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Body Positivity And Self Love: It’s Time To Ditch Diet Culture

In the 21st century with social media being at a constant dispense, I think it is always a hot topic to discuss body positivity and self-love. Being a cis-gendered woman, my body image and how I present myself is constantly under scrutiny because of how society is structured with creating unrealistic expectations for women and men. This is toxic, unhealthy and needs more open discussions so we can move towards a body inclusive environment that doesn’t damage how mental health and well-being. The main challenge of self-love and acceptance in terms of our body image is the longstanding diet culture that promotes eating disorders and body dysphoria. So yes, it is time to ditch it.  

Social media and influencers:

I’m sure many of us are guilty of scrolling endlessly on social media, whether that’s TikTok or Instagram – I know I am. But have you ever sat and considered how this is affecting your self-image? Whether we follow these accounts or not, social media constantly portrays a stereotypical body type that is ethnocentric, slim and pretty much ‘flawless’ and this can cause damage. Fashion brands are guilty of editing their photos and only showing certain body types which are tall and slender, it is only within recent years that some brands have changed this narrative to be more body inclusive. A personal favourite of mine is Savage Fenty by Rihanna which caught global attention on the wide range of individuals of all different shapes and sizes that are used in the brand’s representation. This is something young people who are highly influenced need! Without us knowing, social media slowly but surely distorts our self-perception this is because with a click of a button I can delete my ‘flaws’ through apps or add filters that accentuate features of mine, but that’s not me and without having cosmetic surgery chances are I won’t ever look like that. However, I am fine with that because I have gotten to the point of loving myself in a healthy way, but the younger me didn’t and for many young people who have access to social media this can create long-lasting negative impacts. One big controversy is influencer culture, which is known for pushing these ideal types that are quite frankly unrealistic. For example, I’m sure by no doubt you are aware of the Kardashians and how amazing they look. Yes, they do look great, but this isn’t real just like most influencers you have engaged with, they probably have all had some sort of cosmetic surgery. Now I’m not here to shame women who have had work done or plan to because that’s their choice and it’s none of my business, but I’m here to remind you to not compare yourself to them.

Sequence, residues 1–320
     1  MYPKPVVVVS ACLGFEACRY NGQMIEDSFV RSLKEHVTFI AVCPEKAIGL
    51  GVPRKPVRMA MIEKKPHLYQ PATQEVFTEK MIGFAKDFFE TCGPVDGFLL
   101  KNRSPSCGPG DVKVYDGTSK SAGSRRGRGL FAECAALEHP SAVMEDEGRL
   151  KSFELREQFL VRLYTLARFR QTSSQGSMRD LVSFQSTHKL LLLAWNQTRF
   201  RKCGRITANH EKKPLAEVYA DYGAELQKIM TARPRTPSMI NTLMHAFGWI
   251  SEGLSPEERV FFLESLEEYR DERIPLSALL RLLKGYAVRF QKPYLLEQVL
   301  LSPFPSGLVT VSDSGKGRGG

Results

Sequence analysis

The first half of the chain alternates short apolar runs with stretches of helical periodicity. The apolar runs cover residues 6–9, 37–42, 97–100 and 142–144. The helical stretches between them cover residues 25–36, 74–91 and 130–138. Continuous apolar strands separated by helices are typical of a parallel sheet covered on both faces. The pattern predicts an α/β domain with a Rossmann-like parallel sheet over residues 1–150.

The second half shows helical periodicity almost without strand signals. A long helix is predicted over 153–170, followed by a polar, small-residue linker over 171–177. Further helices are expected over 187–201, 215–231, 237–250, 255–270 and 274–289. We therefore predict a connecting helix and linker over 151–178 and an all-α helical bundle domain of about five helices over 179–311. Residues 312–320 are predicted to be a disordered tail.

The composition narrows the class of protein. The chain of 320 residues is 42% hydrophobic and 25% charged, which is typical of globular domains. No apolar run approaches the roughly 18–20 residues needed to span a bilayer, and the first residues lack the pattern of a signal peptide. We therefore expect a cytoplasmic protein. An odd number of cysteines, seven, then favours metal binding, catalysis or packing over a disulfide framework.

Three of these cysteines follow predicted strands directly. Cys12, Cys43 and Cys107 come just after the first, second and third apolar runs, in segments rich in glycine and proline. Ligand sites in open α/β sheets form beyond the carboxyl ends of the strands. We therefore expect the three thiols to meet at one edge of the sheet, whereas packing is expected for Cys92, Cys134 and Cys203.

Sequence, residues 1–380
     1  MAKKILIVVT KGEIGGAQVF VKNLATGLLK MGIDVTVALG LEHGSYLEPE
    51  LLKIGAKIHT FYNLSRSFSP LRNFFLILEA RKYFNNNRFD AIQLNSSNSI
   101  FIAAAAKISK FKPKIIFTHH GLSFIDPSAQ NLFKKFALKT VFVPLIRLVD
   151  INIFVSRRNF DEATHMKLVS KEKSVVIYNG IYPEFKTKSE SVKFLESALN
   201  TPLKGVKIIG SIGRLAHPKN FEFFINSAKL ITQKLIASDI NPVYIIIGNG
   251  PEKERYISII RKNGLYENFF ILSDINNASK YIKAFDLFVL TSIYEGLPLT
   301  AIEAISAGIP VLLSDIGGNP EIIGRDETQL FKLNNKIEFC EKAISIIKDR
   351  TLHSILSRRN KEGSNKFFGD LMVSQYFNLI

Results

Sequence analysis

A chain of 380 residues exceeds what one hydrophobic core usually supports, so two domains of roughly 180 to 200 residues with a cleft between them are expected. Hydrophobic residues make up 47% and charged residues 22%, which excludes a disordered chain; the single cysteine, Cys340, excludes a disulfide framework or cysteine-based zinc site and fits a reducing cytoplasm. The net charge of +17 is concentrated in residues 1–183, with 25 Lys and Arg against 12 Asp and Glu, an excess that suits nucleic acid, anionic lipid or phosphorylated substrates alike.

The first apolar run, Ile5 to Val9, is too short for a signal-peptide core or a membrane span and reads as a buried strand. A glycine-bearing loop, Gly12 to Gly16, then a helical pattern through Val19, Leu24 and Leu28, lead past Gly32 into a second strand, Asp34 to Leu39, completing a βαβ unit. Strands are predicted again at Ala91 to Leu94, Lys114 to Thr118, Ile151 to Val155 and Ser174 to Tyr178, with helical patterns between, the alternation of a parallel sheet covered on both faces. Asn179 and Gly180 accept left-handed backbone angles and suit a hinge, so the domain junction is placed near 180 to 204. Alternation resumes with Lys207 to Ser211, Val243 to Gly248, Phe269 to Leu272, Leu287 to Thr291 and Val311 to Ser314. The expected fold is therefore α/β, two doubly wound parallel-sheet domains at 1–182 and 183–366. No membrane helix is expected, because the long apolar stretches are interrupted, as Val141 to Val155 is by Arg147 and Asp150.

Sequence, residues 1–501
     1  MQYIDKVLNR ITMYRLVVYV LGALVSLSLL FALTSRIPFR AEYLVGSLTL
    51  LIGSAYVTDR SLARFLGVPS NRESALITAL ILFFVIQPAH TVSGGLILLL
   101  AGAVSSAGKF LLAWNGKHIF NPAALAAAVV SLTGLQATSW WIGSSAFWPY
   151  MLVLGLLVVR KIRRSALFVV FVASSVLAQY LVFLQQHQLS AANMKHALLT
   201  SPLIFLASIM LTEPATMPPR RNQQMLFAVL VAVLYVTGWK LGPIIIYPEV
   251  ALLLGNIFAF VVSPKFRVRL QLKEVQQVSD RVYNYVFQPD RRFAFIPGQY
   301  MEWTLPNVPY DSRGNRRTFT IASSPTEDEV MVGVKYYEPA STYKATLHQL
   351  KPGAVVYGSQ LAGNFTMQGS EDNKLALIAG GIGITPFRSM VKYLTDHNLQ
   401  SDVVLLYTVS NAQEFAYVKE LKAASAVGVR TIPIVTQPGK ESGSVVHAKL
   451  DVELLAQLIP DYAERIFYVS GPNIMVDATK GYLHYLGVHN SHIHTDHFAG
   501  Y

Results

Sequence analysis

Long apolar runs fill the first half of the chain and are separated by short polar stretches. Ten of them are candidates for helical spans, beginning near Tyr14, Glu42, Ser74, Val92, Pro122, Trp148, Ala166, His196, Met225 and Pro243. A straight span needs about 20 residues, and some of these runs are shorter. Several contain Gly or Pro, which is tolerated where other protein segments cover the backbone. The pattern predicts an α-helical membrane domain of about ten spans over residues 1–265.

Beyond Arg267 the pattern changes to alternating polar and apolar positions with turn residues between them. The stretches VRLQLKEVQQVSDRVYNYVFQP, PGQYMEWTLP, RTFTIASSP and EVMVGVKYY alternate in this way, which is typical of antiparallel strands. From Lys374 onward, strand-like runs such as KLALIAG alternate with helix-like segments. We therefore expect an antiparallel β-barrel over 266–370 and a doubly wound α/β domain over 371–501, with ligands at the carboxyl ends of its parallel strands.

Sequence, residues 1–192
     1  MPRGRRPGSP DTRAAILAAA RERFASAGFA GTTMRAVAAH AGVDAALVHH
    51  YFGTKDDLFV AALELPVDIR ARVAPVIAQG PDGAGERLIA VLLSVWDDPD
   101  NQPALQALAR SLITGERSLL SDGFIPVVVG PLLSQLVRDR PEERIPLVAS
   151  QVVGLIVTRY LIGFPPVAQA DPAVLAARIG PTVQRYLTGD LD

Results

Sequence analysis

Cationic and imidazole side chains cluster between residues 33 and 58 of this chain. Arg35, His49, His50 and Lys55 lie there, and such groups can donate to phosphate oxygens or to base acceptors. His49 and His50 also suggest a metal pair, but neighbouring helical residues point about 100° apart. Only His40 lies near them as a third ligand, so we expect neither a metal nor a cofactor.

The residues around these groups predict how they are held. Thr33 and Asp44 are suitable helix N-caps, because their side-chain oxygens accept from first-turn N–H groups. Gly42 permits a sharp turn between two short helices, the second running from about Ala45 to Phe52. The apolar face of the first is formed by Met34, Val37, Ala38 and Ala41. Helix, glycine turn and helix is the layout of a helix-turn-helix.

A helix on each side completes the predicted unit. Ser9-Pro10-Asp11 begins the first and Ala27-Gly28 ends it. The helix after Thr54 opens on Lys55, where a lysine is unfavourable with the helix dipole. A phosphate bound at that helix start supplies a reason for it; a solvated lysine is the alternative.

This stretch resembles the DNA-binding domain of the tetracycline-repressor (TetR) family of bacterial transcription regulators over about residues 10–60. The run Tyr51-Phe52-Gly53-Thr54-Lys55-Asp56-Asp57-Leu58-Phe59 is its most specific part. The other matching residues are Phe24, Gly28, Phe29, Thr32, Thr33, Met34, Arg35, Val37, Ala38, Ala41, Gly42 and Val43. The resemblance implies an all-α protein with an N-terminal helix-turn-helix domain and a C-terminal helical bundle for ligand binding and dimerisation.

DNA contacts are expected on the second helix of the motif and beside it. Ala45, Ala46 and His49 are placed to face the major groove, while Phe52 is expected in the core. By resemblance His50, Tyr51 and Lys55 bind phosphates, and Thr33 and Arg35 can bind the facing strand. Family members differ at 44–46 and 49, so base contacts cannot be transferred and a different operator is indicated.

eating disorders and body dysmorphia:

Eating disorders can present themselves in numerous ways such as binge eating, bulimia and anorexia, without getting correct professional health they can become life-threatening. Eating disorders can stem from many things but most commonly they are linked to body dysmorphia which is a mental health condition where an individual spends a lot of time worrying about their appearance or hyper fixate on a particular feature. Both men and women can be affected by eating disorders but research suggests that 90% of those with eating disorders are in fact female and those who are at most at risk of developing a disorder are teenagers and young adults.  Eating disorders are a serious mental health condition but it is time to start making links between toxic diet culture and social media and how this is impacted young minds. To learn more about these disorders and where to gain help if you recognise any of the signs in yourself or someone close to you, I recommend reading Neave Glennon‘s article which portrays the reality of these disorders in a captivating manner.  

Diet culture: